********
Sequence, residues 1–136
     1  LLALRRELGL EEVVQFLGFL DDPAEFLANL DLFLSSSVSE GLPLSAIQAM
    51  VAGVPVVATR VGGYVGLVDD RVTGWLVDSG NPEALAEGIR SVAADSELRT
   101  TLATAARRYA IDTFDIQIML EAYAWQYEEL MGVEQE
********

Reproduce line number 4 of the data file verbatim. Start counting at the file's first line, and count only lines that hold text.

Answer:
   101  TLATAARRYA IDTFDIQIML EAYAWQYEEL MGVEQE